Rich people get caught in self-created scam; hilarity (and legal fees) ensue

My, my, my.

This headline and subhed are hilarious and really brightened my morning: “These Millionaires Tried Turning a Yacht Into a Tax Break. The IRS Sank Their Plan: The Ridingers donated Utopia II to charity and ended up paying $3.5 million in taxes and penalties”

JR and Loren Ridinger wanted a new yacht. First, they needed to get rid of the old one.

The 116-foot Utopia II wasn’t selling, so the Ridingers and their lawyers hatched an alternative plan: Donate it, and reap a big tax deduction.

Lots of charities take shoes and clothes. Some take cars (often selling them for cash). Yachts, not so much.

What followed was an odyssey now approaching its eighth year. Audits, lawsuits, a midsea collision. The lesson: Think very, very carefully before you donate your yacht.

The tax filings of the super rich—and the Ridingers, who made a fortune recruiting people to sell antiaging creams and vitamin supplements, are very rich—are enormously complicated affairs. Wealthy taxpayers rely on a bevy of accountants, lawyers and financial advisers to navigate them.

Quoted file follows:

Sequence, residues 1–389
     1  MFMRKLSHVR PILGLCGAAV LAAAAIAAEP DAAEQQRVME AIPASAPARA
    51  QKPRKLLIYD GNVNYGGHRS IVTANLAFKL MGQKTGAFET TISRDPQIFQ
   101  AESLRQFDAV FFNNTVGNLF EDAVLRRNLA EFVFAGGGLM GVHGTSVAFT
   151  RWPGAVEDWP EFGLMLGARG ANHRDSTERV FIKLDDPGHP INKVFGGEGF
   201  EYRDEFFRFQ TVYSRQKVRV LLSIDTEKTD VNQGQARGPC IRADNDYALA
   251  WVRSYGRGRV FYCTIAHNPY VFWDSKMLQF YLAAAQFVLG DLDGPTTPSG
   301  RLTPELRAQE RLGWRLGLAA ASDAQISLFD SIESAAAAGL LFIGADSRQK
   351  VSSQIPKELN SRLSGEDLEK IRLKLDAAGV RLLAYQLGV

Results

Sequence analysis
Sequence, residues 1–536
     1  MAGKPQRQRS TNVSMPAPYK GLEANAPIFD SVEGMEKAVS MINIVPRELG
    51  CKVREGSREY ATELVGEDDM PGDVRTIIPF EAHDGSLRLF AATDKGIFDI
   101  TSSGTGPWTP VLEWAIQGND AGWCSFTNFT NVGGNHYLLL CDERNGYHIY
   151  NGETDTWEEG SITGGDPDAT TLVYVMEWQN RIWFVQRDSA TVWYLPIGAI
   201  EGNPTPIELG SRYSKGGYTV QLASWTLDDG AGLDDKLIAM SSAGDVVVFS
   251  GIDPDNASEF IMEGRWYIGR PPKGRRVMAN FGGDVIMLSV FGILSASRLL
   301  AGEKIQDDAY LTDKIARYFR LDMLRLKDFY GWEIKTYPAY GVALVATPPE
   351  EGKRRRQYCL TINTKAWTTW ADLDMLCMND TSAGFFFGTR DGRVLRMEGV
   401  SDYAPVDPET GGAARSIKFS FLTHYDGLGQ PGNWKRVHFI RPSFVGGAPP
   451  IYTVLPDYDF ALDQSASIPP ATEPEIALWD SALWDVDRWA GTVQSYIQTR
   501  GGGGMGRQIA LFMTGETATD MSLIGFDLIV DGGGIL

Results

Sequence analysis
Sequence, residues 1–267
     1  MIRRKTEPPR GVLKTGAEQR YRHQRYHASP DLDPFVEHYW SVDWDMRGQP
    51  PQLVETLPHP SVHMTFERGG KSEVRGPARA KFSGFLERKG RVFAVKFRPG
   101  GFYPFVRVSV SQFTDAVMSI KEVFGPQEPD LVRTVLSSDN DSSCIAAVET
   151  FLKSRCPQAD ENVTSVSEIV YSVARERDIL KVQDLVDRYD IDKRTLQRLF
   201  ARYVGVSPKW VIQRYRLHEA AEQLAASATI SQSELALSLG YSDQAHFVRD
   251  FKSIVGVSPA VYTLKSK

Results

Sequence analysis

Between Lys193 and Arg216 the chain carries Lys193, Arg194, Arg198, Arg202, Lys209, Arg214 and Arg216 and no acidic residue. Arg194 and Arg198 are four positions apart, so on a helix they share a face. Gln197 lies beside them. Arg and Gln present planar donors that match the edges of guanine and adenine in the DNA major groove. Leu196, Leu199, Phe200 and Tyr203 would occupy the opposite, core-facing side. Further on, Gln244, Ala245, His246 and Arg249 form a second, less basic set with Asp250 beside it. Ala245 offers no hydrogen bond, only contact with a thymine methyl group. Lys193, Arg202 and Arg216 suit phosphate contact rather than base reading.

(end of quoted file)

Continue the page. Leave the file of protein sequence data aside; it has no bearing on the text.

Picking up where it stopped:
All that advice is no guarantee of a flawless return that passes muster with the Internal Revenue Service, especially with the agency poised to hire more auditors to patrol the tax filings of the top 1%.

The Ridingers thought the 2016 donation would save them about $2 million on their taxes. Instead, they ended up paying $3.5 million in taxes and penalties.

Mr. Ridinger died suddenly last year, but the fight over Utopia II continues. In a lawsuit against their former lawyers, Mrs. Ridinger says the couple was misled into a transaction that ultimately benefited the attorneys. Their onetime lawyers say the couple and their companies misrepresented the yacht’s value and that the transaction didn’t personally benefit them.

See pic below of the couple.

Loren and JR Ridinger, who made their millions selling anti-aging creams and vitamin supplements, in happier times.

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